Russia Sends Spy Ship To Syrian Coast, Unimpressed By Evidence Of Alleged Syrian Chemical Attack; Obama Administration Intensifies Lobbying For Congress Support

 
on September 02 2013 8:21 AM
Sevastopol
Russian missile cruiser Moskva is moored in the Ukrainian Black Sea port of Sevastopol in this May 10, 2013 file photo. Russia is sending two warships to the east Mediterranean, Interfax news agency said on Aug. 29. Reuters/Stringer

Russia is sending a reconnaissance ship from its Black Sea fleet to the coast off Syria, Interfax news agency reported on Monday, as President Barack Obama's administration launched a full-scale lobbying effort to win congressional support for a military strike on Syria.

The spy ship left Russia's naval base in the Ukrainian Black Sea port of Sevastopol, late on Sunday, and is heading “to the appointed region of military service in the eastern Mediterranean,” an Interfax report quoting an unidentified military source said. The ship named SSV-201 Priazovye is on a mission "to gather current information in the area of the escalating conflict,” it added.

Russian defense ministry officials declined to comment on the development but, according to an Interfax report, the ship would operate separately from a naval fleet, which is already present in the Mediterranean, Reuters reported.

Meanwhile, Obama's administration has intensified its campaign to garner support from the U.S. Congress for a military strike on Syria. The president, on Saturday, had said that he would seek congressional consent before launching punitive military attacks against the Syrian government.

On Sunday, Secretary of State John Kerry said the U.S. has solid proof that the Syrian government used sarin gas -- a deadly chemical agent developed by Nazi scientists in 1938 -- in an attack on Aug. 21, which killed more than 1,400 people in Damascus.  

“Samples of hair and blood have been tested and they have reported positive for signatures of sarin,” Kerry said, Associated Press, or AP, reported.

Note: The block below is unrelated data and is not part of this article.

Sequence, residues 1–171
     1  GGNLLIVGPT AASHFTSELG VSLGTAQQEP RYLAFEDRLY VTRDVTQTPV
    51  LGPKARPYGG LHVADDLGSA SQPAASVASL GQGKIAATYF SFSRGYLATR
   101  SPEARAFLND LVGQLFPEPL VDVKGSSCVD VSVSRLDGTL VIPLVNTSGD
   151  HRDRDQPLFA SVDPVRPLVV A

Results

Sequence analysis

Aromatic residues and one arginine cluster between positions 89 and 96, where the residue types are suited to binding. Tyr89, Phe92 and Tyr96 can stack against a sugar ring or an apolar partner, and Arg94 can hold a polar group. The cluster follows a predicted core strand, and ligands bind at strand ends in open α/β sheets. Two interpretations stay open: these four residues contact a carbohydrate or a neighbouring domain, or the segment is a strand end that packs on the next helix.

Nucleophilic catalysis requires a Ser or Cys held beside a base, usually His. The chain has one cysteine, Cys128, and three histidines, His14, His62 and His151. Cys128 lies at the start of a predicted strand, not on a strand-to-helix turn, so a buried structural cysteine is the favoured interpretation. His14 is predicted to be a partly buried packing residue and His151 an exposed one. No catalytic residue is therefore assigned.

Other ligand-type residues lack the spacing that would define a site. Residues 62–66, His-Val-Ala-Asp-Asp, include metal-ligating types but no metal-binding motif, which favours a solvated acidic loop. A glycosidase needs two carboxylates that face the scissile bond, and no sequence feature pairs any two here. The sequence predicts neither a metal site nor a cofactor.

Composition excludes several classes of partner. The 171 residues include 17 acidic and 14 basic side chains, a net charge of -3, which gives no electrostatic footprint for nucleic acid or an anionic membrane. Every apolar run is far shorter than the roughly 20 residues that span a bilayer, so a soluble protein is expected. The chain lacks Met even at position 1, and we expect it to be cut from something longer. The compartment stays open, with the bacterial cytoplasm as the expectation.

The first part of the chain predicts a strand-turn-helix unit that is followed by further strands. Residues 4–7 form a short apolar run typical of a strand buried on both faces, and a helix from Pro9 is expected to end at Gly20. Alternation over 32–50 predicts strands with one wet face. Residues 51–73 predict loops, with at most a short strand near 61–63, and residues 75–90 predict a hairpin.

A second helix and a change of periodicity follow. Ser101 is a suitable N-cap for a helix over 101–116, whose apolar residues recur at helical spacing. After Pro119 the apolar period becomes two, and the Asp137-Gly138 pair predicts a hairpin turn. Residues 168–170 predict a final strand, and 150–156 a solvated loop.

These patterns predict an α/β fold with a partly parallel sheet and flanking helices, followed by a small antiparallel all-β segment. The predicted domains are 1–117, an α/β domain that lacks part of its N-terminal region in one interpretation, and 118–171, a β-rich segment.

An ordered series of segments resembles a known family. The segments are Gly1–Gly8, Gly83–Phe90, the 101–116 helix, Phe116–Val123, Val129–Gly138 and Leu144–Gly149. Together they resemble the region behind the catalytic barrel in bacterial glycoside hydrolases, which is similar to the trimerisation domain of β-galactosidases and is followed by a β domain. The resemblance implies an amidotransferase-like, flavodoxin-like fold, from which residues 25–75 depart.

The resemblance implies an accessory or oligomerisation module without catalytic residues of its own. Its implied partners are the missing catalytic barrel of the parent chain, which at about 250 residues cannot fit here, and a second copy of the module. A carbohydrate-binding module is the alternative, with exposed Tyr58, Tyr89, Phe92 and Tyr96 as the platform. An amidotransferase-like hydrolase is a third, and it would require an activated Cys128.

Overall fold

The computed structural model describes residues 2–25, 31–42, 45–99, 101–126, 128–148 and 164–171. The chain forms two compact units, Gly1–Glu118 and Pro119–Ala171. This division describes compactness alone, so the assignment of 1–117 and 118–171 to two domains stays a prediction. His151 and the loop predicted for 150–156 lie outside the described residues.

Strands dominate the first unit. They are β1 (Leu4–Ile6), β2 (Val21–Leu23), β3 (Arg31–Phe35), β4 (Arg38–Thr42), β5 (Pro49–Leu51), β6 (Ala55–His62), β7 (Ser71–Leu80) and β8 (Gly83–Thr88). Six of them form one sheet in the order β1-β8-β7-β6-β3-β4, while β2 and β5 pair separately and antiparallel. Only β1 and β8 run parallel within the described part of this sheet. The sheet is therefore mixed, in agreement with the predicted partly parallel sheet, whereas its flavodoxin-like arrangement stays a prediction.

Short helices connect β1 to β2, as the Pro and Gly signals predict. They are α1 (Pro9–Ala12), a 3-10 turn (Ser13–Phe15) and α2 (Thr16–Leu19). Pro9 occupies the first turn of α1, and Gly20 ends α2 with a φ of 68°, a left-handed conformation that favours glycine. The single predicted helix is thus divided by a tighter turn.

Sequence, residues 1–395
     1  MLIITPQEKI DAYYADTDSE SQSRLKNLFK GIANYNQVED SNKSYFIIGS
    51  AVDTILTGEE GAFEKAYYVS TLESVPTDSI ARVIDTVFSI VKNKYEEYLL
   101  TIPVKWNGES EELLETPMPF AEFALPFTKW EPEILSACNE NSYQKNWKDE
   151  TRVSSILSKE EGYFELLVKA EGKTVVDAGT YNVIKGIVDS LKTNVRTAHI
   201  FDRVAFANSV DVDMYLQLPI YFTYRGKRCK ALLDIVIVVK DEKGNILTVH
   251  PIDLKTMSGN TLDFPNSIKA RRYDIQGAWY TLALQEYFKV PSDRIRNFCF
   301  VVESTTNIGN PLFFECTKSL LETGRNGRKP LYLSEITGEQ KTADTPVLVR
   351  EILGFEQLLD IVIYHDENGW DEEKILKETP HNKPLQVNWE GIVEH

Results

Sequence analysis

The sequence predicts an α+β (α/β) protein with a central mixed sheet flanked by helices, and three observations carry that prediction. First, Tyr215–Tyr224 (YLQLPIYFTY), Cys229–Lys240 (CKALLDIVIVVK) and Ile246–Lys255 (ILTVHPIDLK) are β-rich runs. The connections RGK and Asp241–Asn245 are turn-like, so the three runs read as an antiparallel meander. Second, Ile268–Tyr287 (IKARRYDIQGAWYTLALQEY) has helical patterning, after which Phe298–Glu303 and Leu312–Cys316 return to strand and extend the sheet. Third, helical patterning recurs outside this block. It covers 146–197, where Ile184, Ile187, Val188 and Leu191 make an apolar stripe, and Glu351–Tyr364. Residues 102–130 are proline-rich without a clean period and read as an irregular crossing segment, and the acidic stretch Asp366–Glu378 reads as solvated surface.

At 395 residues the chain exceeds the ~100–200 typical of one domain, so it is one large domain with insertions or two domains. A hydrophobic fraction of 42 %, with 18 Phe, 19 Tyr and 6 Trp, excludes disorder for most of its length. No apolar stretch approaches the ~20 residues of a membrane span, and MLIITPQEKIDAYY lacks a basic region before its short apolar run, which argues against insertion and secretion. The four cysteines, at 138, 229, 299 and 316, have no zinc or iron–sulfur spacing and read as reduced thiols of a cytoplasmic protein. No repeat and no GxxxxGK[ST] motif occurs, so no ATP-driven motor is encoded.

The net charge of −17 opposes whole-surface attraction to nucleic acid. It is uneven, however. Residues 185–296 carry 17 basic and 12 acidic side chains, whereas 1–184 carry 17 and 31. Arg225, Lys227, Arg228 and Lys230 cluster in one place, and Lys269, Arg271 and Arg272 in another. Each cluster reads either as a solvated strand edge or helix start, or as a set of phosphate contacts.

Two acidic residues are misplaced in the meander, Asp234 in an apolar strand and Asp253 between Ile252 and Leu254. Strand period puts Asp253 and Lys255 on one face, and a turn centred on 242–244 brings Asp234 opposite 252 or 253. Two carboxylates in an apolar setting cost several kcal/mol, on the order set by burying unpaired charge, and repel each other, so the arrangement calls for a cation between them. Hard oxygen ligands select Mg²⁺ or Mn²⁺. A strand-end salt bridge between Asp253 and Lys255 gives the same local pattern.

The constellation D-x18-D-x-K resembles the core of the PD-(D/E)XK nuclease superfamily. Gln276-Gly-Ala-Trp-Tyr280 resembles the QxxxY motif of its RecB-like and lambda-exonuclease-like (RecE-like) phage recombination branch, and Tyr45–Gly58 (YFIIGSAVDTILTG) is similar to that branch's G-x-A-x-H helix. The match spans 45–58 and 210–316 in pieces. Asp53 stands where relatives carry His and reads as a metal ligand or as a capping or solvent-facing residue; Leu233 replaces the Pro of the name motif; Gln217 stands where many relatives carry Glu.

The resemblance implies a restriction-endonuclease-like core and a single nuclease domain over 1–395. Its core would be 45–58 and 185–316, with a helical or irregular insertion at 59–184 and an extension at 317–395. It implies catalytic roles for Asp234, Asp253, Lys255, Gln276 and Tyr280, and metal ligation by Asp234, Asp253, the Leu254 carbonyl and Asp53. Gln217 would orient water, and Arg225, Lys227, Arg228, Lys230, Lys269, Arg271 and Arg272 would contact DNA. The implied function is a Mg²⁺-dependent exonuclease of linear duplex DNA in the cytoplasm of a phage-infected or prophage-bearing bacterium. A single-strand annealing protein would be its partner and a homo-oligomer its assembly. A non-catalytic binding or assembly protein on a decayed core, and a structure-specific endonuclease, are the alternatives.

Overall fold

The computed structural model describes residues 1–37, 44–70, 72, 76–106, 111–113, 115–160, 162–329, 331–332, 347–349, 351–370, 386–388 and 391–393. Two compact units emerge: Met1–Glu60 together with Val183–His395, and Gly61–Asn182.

“Each day that goes by, this case is even stronger. We know that the regime ordered this attack . . . We know where the rockets came from. We know where they landed. We know the damage that was done afterwards,” he added.

Obama also sought support from former foe, Sen. John McCain (R-Ariz.), and invited him to come to the White House to discuss the Syrian crisis.

In an attempt to seek international support, the U.S. reportedly shared evidence of the chemical attack with Russia and China, and spoke to diplomats in Arab countries by phone.

Israel, a key U.S. ally and a staunch supporter of military action against Syria, chose to remain silent over Obama’s decision to delay a military strike pending congressional approval. Israeli officials and ministers, who had been strongly advocating a U.S.-led military action against Syria, did not react to Obama’s retraction, reportedly after Prime Minister Benjamin Netanyahu, in a closed-door meeting, urged government officials not to comment on the issue.

Russia, a key ally of Bashar Assad's government, is against any kind of military action against the regime and has been countering the U.S.' move to strike Syria. Russian Foreign Minister Sergei Lavrov, on Monday, said that Russia is not convinced by the evidence presented by the U.S. of the alleged chemical attack.

"What we were shown before and most recently by our American partners as well as the British and the French absolutely does not convince us," Lavrov said at a university lecture in Moscow, AP reported.

President Vladimir Putin, on Saturday, had described U.S. claims about the chemical attack as “utter nonsense.”

According to a Sky News report, Lavrov, referring to the upcoming G-20 summit later this week, said:

"If the action announced by the US President - to the great regret of all of us - does in fact take place ... it will put off the chances of (holding) this conference for a long time, if not forever."

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